Utilities are struggling to keep up with technology these days. Electric power insurgents like solar power, energy storage and big data are starting to upend the grid, and the power companies — big, regulated and cautious — aren't wired at that speed.
Now several power companies are investing tens of millions of dollars into a new venture fund that gives them a backstage pass to high-tech companies in the energy space.
Energy Impact Partners (EIP) launched last year and has been joined by several sizable American utilities, including Southern Co., Xcel Energy Inc., Avista Corp., Great Plains Energy Inc. and Ameren Corp., and ones that are based abroad with a U.S. footprint, such as Fortis Inc. of Canada and National Grid PLC of Great Britain.
It's a model new to the electric industry. Hans Kobler, EIP's CEO, calls it "an information provider, collaborative platform and investment arm in one."
Companies have paid either $50 million, $25 million or $10 million to join, depending on their level of access, according to representatives from Avista and Fortis. The top tier is made up of Southern Co., Xcel, National Grid and AGL Energy Ltd., an Australian utility that just joined this week, according to the fund. Fortis joined at the $25 million level, said Jim Laurito, a vice president at that utility, as did Avista, according to Ed Schlect, the company's chief strategy officer.
Avista and Fortis, which like all the member companies are investor-owned utilities, said their portions don't come from money received from ratepayers.
The ostensible purpose of joining a venture fund — making money — is not the biggest upside the participating utilities see. "As crazy as it sounds, our last priority was making a return on our investment," said Laurito of Fortis.
Every month, representatives from each utility travel to EIP's headquarters in Manhattan to meet with a crop of companies who put forward their pitches for funding, making it a sort of "shark tank" for the power sector. They also meet with each other as part of working groups that focus on fast-changing parts of the grid, including energy efficiency and demand response, home automation, microgrids and how to engage with customers, according to Al Choi, the manager of emerging technology for Xcel Energy.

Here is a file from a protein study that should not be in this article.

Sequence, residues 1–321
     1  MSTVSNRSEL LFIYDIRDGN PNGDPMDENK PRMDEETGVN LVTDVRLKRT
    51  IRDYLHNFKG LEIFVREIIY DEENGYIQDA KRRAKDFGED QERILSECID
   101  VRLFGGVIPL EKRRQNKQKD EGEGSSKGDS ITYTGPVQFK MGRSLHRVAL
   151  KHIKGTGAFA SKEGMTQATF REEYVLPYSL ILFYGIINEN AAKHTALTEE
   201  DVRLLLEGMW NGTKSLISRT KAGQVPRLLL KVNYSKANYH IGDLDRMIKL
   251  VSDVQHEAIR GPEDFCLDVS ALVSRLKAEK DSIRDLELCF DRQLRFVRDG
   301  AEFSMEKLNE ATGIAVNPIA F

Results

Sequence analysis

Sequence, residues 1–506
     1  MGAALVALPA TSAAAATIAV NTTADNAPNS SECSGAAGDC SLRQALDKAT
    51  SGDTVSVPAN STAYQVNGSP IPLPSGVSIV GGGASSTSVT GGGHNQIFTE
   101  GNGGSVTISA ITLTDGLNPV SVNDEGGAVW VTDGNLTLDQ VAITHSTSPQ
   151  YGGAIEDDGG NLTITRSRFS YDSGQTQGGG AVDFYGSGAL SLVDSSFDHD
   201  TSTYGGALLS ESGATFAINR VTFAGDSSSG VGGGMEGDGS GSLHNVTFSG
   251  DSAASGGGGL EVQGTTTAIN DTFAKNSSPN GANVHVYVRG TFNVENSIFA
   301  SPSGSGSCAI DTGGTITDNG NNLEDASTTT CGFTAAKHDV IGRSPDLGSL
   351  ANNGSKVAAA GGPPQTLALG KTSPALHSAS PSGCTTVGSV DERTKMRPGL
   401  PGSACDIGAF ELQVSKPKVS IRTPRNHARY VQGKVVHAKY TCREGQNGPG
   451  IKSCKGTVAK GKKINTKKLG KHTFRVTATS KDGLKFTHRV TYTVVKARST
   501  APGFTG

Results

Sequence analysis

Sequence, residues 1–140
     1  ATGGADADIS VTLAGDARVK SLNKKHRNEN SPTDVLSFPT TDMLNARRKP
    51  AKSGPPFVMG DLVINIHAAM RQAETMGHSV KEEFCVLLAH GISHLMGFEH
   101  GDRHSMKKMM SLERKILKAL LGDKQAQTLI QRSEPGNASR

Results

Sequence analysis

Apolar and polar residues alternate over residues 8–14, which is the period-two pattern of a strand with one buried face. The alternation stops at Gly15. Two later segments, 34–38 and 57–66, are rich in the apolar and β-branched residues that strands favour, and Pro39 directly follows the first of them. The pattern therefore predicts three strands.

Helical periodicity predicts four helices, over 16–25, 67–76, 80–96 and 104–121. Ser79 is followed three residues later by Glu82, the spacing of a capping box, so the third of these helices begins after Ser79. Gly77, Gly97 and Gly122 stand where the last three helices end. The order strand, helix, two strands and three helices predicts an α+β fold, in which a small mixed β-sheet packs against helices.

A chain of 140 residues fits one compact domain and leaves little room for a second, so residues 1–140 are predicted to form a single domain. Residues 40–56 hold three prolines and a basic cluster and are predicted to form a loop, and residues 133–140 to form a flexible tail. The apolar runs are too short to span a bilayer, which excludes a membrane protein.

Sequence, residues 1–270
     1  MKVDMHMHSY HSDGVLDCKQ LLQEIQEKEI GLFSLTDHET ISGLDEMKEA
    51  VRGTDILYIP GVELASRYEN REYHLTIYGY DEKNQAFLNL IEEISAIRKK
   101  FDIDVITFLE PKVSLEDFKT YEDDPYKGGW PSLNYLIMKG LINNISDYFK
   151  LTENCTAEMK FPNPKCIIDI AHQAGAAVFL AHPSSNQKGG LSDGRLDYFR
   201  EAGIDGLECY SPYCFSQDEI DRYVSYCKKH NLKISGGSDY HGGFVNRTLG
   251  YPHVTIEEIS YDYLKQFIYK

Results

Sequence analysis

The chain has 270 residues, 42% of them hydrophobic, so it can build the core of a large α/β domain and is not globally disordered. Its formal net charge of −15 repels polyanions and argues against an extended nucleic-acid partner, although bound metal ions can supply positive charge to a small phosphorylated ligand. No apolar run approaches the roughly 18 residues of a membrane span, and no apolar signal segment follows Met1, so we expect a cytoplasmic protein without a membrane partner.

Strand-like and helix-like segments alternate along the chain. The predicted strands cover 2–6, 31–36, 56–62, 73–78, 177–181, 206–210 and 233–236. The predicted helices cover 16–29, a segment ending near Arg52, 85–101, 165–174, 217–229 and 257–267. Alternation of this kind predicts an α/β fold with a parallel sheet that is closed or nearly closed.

"EIP was a fantastic opportunity to collaborate with like-minded utilities, to understand and possibly shape how these technologies may develop to benefit the utilities," Choi said. "The time-saving element of this is enormous."
Utilities rarely compete directly with each other for customers, and other venues exist for their technologists to compare notes, such as industry forums like the Edison Electric Institute and Electric Power Research Institute. But looking through the prism of new companies provides a focus they don't find elsewhere, utility representatives said.
EIP, whose leadership includes venture-capital veterans from General Electric Co., looks for energy startups that have fairly mature technology and market momentum and are poised to grow quickly, Kobler said. Like other venture funds, it hopes that the companies make money back for their investors by being acquired or going public in three to five years.
"We look at hundreds of companies, and most of the time, we find it's too early," Kobler said.
EIP's investments so far include two companies, AutoGrid Systems Inc. and Opus One Solutions Energy Corp., that build digital platforms to help utilities manage distributed energy sources like solar panels and energy storage.
It also co-led a $14 million bet on Sense Labs Inc., a company that makes a device that clamps to a home's electricity panel and from it teases information on how appliances are performing. From there, it can tell a homeowner if the garage door opened while she was gone or how long the television was on in a week.
EIP's presence is valuable for reasons other than the cash, said Mike Phillips, Sense's CEO. The company started out oriented toward its home users but didn't know how to approach the utility companies. Having utilities peer into and advise his startup is shaping the product and creating a ready-made set of customers.
"The thing is, we speak different languages," Phillips said. "You think it'd be an easy discussion to have, but often we use the same words but mean different things."
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